[sdiy] Roland Alpha Juno DCOs
Russell McClellan
russell.mcclellan at gmail.com
Mon May 1 00:58:19 CEST 2017
After reading the very interesting conversation regarding the new
novation peak synthesizer, I was made curious by something Richie Burnett
mentioned in that thread regarding the Alpha Juno oscillators. This
led to some further investigation on my part and some may be
interested in hearing about the results.
I had always (incorrectly, it turns out) thought that the alpha juno
oscillators followed the same basic topology of the Juno 6, 60, and
106 synths - which, for those unfamiliar, is a complicated
digital/analog hybrid; basically an analog ramp wave hard-synced to a
digitally generated pulse.
However, it turns out that the Alpha Juno has a completely different
design, with much less of an analog component. There is a custom
"DCO" chip which has 6 independent digital oscillators. Each
oscillator takes the 12MHz master clock and divides it down by a power
of two based on the note being played. For the highest notes the
effective clock is 6MHz, and for the lowest notes this seems to be
divided by 2048 to form an effective sample rate of 3kHz. On each
divided clock, an increment is added to a 16 bit accumulator (I'm sure
the accumulator is at least 13 bits, but I'm not sure of the exact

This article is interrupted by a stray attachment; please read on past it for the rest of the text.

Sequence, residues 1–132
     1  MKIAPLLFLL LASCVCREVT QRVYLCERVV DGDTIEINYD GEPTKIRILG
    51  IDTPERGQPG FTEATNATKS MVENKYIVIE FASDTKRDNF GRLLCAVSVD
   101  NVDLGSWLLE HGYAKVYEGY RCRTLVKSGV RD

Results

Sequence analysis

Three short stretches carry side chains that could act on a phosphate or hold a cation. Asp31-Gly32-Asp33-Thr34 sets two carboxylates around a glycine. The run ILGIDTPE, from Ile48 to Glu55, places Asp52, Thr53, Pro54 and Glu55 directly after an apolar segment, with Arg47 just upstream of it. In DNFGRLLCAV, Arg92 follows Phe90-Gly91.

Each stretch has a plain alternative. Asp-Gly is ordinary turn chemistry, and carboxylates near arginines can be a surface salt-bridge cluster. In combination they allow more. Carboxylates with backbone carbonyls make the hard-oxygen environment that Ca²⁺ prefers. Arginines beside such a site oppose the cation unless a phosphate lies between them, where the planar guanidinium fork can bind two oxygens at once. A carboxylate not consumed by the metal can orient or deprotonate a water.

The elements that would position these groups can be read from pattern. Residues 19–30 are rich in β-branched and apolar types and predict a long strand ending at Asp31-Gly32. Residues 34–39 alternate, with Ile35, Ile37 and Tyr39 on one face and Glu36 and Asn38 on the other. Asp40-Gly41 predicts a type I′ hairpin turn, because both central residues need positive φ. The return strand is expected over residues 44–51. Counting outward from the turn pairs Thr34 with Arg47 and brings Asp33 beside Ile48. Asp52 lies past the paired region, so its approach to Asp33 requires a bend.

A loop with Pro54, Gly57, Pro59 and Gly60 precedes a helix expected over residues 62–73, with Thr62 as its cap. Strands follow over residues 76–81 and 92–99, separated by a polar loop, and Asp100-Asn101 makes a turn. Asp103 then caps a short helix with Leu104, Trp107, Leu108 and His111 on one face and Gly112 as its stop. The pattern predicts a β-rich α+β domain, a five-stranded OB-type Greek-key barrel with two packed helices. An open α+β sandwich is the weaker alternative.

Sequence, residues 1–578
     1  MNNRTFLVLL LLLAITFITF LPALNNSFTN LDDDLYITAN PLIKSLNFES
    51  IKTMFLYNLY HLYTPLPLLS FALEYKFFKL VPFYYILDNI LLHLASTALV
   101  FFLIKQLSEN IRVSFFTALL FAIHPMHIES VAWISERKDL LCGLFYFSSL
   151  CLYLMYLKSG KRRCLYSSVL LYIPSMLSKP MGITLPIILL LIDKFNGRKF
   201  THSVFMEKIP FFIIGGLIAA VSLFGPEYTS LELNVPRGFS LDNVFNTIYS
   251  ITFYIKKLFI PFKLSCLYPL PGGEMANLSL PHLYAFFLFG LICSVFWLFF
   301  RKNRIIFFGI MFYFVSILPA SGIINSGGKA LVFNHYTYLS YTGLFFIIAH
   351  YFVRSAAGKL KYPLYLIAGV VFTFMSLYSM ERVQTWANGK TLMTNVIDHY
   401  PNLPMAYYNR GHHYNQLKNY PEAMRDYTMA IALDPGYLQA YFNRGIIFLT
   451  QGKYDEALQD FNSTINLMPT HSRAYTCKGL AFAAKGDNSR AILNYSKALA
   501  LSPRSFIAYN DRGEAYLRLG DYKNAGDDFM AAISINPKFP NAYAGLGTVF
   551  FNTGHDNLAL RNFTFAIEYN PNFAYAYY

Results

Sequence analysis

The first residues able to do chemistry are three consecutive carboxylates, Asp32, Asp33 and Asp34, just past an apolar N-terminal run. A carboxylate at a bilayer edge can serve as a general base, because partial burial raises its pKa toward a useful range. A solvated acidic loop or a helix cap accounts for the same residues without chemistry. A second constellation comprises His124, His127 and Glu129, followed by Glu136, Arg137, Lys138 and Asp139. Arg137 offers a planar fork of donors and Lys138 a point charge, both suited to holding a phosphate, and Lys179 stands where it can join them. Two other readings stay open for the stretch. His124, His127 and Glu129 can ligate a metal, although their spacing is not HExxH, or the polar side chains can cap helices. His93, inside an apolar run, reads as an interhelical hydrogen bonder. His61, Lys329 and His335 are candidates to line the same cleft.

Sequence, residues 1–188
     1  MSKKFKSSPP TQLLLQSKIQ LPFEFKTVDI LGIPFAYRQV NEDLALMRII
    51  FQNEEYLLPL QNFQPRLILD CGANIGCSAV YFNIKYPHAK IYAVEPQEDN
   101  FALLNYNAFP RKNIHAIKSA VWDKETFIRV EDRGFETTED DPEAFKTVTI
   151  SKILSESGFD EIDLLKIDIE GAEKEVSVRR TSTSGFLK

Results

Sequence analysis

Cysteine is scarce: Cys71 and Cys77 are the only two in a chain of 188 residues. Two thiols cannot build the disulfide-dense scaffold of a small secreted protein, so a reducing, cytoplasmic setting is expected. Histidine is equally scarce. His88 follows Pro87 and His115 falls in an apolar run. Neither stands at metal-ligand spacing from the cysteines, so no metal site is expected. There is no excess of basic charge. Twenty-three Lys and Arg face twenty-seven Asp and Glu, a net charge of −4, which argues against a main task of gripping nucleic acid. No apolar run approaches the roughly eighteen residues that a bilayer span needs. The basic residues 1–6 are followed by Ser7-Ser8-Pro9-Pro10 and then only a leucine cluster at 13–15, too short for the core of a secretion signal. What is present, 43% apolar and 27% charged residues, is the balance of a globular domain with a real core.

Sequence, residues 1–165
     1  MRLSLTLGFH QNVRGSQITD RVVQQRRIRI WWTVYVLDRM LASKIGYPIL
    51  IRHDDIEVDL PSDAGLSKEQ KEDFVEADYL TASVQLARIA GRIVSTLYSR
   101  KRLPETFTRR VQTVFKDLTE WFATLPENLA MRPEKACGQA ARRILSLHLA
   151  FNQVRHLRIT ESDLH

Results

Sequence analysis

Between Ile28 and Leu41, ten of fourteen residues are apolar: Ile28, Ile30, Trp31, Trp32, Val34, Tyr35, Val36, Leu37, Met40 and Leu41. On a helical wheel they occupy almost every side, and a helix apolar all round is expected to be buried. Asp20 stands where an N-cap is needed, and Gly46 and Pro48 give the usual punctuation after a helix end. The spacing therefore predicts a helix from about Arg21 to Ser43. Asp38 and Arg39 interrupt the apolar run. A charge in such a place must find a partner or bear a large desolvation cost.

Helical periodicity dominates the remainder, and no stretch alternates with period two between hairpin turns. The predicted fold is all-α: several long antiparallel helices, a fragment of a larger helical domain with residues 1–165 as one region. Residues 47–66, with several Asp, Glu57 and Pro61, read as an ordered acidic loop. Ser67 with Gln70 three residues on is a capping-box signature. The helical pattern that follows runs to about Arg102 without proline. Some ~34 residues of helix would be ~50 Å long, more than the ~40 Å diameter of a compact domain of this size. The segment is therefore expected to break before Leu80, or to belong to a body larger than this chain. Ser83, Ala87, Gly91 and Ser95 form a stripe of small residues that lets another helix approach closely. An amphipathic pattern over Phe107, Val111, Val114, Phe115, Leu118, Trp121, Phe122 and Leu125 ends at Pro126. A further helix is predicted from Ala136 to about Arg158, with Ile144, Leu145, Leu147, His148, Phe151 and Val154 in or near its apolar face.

number of bits). Then, the top 8 bits of the accumulator are sent to
a digital waveshaper, and then to what looks like an R-2R based DAC
on-chip. This signal is then sent straight to the fully-analog
filter.
In general, the output is "pretty" clean - certainly there's no frequency
drift since it's based on the crystal. There are aliasing artifacts,
but since the sampling rate is always so high compared to the note
they are usually fairly quiet (I noticed some audible aliasing on the
lowest notes). Since the DAC is only 8-bits, quantization noise is
also an issue.
Anyways, I was really stunned to learn that the alpha juno had so much
digital horsepower, and a bit surprised that I haven't seen this
oscillator design before. Does anyone know of any synths with a
similar approach? (Other than the new novation, which seems to run at
a fixed sampling-rate, but is otherwise similar)
I think it would be a fun project to create a similar oscillator using
an FPGA and an R-2R dac - perhaps with some additional capabilities
like inter-oscillator FM and a sine lookup table shaper.
Thanks to Richie for mentioning this in the other thread and for
helping me off-list to investigate this.
Thanks for your time,
-Russell
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